Ramapo College Recognized for Commitment to Vets

Photo by Rebecca King

Ramapo College has recently been nationally recognized for its commitment to veterans. Victory Media, a publication that focuses on the military transition to civilian life, has awarded Ramapo with the 2016 Military Friendly School designation. Victory has been giving out this designation for the past seven years. According to Victory, “[the] Military Friendly Schools designation provides service members and their families with transparent, data driven ratings about post-military education and career opportunities.”

“Ramapo College is extremely proud of our designation by Victory Media,” the Acting Dean of Students Dr. David Nast said, commenting on the school's feelings about the designation. “The 2016 Military Friendly Schools list honors a select group of colleges, universities and trade schools that embrace America’s military service members, veterans and spouses as students and promote their success on campus.”

Nast also mentions Ramapo’s past in regards to its service to veterans.

“Ramapo College has been noted for maintaining a dedicated staff and faculty who work with veterans one on one to help smoothly transition back to school,” Nast said.

There is a dedicated office in Financial Aid that covers veterans' affairs. Also, the Office of Student Life is a point of contact for the College's veteran students. If there is a need in the School of Humanities and Global Studies, associate professor Jeremy Teigen is available to answer any veteran’s course and major concerns. The school also offers tutoring services at the Center for Reading and Writing. Ramon Reyes, the school's developmental writing specialist, is the official veteran’s point of contact for that program.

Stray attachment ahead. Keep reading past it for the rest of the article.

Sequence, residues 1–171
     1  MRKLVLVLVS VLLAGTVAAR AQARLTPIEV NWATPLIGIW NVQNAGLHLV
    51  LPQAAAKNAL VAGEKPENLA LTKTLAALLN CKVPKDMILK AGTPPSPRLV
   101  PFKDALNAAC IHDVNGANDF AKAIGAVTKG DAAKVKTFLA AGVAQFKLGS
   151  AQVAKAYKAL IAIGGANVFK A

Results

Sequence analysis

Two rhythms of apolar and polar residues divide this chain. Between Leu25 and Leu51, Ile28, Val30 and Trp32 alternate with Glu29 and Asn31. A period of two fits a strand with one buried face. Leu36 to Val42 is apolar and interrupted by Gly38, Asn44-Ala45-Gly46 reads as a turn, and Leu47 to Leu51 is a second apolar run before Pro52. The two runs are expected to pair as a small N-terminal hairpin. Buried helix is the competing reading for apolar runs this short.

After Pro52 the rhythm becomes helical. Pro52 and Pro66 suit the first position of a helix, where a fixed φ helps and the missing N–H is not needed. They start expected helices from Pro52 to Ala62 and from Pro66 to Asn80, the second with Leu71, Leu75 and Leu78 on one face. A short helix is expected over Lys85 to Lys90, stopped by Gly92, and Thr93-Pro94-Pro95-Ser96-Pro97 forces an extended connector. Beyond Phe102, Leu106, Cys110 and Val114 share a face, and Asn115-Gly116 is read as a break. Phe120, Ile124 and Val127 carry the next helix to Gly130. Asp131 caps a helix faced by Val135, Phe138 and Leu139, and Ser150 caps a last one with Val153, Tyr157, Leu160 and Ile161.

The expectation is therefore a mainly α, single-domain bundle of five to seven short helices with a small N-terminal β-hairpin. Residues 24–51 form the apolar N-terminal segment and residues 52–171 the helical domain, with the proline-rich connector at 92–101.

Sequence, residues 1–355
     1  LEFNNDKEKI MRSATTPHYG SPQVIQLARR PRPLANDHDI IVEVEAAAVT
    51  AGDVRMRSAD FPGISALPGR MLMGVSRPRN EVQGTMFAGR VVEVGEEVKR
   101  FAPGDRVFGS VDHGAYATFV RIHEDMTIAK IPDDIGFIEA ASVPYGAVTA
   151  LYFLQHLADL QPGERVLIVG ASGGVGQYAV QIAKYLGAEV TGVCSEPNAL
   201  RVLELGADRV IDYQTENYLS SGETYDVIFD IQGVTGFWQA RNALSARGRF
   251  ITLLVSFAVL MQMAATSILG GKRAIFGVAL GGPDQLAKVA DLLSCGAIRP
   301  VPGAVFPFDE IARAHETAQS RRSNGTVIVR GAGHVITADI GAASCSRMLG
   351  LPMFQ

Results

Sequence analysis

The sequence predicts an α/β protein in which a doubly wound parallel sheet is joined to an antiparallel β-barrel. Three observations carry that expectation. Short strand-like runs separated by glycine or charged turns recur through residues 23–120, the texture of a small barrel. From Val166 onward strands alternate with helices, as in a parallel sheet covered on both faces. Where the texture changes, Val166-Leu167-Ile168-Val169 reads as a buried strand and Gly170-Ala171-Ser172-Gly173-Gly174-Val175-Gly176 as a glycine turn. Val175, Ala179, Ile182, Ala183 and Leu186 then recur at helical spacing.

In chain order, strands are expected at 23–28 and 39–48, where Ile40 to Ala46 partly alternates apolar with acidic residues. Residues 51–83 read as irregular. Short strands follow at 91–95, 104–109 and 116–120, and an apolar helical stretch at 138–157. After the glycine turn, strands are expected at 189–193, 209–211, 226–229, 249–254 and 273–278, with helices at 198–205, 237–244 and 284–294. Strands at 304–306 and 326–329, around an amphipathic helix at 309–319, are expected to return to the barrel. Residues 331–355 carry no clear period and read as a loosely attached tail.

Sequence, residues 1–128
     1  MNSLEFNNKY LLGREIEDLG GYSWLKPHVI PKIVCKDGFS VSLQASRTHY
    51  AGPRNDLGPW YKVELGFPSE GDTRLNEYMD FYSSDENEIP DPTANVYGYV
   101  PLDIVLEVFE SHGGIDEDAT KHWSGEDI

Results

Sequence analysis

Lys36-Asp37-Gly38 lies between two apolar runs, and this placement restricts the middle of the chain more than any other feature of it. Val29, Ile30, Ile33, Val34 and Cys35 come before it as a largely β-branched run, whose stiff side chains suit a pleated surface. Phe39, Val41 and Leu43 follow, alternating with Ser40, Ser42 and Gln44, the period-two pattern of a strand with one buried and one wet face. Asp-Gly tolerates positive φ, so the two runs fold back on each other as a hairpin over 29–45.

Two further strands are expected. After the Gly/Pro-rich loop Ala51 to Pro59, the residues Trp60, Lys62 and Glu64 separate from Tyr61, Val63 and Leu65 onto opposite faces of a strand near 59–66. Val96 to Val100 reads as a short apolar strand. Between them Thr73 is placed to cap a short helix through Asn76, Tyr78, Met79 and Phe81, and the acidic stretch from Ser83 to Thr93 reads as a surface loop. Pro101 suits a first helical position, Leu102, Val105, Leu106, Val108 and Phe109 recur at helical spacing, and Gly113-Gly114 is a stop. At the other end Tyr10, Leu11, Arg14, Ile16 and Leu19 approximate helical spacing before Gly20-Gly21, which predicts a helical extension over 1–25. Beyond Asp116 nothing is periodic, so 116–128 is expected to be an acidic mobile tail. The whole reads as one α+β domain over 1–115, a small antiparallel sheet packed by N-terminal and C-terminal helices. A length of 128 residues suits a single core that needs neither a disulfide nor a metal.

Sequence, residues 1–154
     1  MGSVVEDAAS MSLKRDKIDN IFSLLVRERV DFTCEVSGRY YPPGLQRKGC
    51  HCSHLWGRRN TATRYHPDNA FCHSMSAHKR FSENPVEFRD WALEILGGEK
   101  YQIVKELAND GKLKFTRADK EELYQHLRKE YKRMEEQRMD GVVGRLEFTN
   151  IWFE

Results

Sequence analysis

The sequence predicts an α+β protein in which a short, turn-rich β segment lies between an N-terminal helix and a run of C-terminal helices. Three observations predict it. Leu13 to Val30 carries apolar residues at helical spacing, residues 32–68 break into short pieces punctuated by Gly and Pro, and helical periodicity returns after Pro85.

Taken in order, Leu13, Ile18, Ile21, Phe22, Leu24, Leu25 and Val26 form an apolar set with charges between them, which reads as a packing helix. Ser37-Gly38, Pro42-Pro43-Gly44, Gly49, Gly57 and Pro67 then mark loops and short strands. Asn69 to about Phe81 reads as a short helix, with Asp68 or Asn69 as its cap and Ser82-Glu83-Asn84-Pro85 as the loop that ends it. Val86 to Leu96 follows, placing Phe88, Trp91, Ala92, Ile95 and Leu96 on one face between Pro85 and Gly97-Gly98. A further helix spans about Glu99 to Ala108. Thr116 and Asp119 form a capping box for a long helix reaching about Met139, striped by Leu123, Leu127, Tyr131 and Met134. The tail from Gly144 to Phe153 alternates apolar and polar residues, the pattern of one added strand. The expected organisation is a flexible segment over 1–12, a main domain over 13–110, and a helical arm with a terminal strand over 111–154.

“Ramapo has been noted in the past by Victory Media for its services to veterans that include reasonable transfer of credits, financial benefits, veterans' clubs, credits for military training, nationally recognized testing programs, flexible class schedules and membership in the Service Members Opportunities Colleges,” said Nast.

With Veterans Day this past Wednesday, students were asked how they felt about the new designation. Senior Paul Grunert, 22, a student of history at Ramapo who is currently enrolled in “Advanced Military History” commented that he thinks the school could do more for veterans.

“While I am not a veteran myself, I have really hardly seen anything that is geared towards veterans. I believe that one time there was a veterans' affairs office, but where has that gone?” Grunert said.

Senior Kevin Hoffman, 21, a film student at the College, disagrees.

“The student body at this college is so diverse. I imagine that assimilating into the world after an ordeal such as war would be hard enough if there wasn’t the clubs and programs that Ramapo offers to help veterans transition into student life,” Hoffman said.